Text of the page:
Friday, July 30, 2010

Fw: Ron Morris' Weekly Article

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From: "The American Entrepreneur" <>
Sender: "The American Entrepreneur" <>
Date: Fri, 30 Jul 2010 08:00:30
To: Mark<>
Reply-To: "The American Entrepreneur" <>
Subject: Ron Morris' Weekly Article

July 30, 2010 Issue 478

"How Do I Measure Thee? ... Let Me Count The Ways"

The other day, I was listening to the General Manager of the Pittsburgh
Pirates' baseball team. He was describing the club's philosophy as it
related to player development.

This guy was mostly talking about his Minor League organization, not the
"Big Club" that resides right here in Pittsburgh. "We really don't care much
about winning," he said, "We really only care about seeing improvements at
all levels of our Minor League operations."

Up until I heard that, I was only casually listening. But when I heard the
phrase, "We don't care about winning," my head immediately jerked in the
direction of the radio. Could he really have said what I just heard?

This GM went on to explain, "the organization's philosophy was essentially
to use hard, and measurable criteria to produce an individual pre- and
post-assessment of each player, at each Minor League level. (Note: For those
not familiar, professional baseball, unlike any other professional sport,
has what is known as a "Farm System." The "levels" in these Farm Systems
become increasingly more difficult as you move up from "Class A," to "Class
AA," and then ultimately up to "Class AAA.")

"Measurement of hard criteria so that pre- and post-assessments can be
performed," I mumbled to myself. "Not a thing in there about winning," I
mumbled on.

So, when my wife asked what I was mumbling about, I yelled out, "Honey, I
just figured out why the Pirates stink. Apparently, they're measuring
everything but the one and only thing that really pays off --- winning."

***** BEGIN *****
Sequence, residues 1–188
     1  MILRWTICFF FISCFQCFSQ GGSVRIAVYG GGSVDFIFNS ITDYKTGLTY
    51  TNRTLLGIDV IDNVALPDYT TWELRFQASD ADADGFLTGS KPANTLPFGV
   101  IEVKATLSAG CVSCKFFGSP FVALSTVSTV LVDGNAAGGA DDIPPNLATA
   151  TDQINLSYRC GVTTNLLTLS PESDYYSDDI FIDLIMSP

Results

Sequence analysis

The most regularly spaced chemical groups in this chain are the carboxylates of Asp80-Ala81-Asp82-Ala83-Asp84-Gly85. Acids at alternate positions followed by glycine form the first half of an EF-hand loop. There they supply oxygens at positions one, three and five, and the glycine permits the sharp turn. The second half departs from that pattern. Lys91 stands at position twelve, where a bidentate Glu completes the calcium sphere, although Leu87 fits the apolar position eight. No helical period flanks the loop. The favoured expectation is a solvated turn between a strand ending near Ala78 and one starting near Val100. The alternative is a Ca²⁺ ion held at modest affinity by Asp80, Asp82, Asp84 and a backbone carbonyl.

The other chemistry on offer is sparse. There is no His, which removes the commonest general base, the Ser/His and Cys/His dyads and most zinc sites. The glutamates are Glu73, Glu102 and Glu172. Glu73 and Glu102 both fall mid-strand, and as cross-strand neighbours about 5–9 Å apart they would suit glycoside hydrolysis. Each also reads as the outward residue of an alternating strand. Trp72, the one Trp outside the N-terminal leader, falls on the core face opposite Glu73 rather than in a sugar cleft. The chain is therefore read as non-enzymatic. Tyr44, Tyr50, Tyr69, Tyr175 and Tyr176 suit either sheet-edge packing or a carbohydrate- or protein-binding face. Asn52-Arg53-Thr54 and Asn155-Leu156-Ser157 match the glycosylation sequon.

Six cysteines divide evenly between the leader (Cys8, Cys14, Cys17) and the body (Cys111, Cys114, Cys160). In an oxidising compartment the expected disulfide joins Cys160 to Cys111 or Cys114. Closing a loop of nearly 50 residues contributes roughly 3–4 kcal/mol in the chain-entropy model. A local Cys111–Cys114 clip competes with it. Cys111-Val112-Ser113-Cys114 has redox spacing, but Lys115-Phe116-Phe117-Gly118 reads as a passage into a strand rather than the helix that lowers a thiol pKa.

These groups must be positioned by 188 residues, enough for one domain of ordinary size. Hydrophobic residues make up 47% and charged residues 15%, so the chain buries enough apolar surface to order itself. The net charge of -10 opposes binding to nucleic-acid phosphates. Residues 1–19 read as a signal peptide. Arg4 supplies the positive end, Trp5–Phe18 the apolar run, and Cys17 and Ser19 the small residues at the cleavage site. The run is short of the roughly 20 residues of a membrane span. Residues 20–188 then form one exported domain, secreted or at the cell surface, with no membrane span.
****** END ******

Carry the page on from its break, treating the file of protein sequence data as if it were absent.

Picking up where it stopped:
I'm a teacher. And, as a teacher, I am obligated to regularly report both
progress and lack thereof to parents and students alike.

Over the years, I have probably ruminated over this ... the "grading
question" ... more than any other topic. I have asked myself, "So, do I
measure them on absolute knowledge? Or, do I measure them based on what they
knew the first night of class, and then compare that knowledge to what they
know on the last night of class?"

Furthermore, do I measure them on overall classroom contributions, i.e.,
"thinking on their feet," (the one talent that they_will_ need when they
become business people/entrepreneurs); or, do I measure them on their
answers to written tests? (I've been in business almost 40 years ... not
once has a customer, supplier, or employee asked me to "take a written test"
prior to: a.) buying something from me, b.) selling something to me, or,
c.) coming to work for me!)

The problem I have is that, and no matter how you cut it, you can only
measure hard, quantifiable knowledge. Everything else is just a guess.

But "everything else" is what is important! In the real world, we "pay off"
on the winning and losing that only comes as a result of the character
make-up of the individual, and not necessarily his or her talent.

So, the problem, Dear Brutus, lies not in knowledge or speed or talent.
Instead, it lies in attitude and tenacity and will. All of which are

And here's the major disconnect:

In academia, we pay off on activity --- while in the real world, we pay off
on results.

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Today On The American Entrepreneur

"The American Entrepreneur" Ron Morris gets the lowdown on the latest
happenings in Pennsylvania's State Legislature, as he talks with
Pennsylvania State Representative Mike Turzai. With a new Governor taking
office come November, whoever he may be, what changes does Mike see in store
for the Keystone State? Plus, Ron talks with two of his colleagues at the
Palumbo-Donahue School of Business at Duquesne University, Valerie
Trott-Williams and Bob Kollar, about the idea of fraud in business, and the
steps that he is taking to help smarten business owners up to this growing
concern. And John Lee of International Investigative Services talks to Ron
about the growing epidemic of copper theft in the world of business.


Saturday On The American Entrepreneur

One of the most renowned business and management gurus in the world returns
to TAE. Henry Mintzberg, Professor of Management Studies at McGill
University in Montreal, joins Ron to discuss the most effective management
strategies for your company, as well as his groundbreaking Theory on
Organizational Forms. Plus, Ron reconnects with John Vechey, the founder of
Popcap Games and creator of "Bejeweled", the gold standard of online gaming
platforms. John tells his remarkable story, and how his creation grew to
become enjoyed by over 25 million users worldwide. And Phil Sabo of Wilke
and Associates CPA talks with Ron about the common problems relating to six
month reviews for the period ending on June 30.


There is going to be a lot of Open Talk going on this weekend so be sure
to join in by using TalkShoe at or by calling the show live at 333-1360.

As always, your dreams are 100% in your hands.


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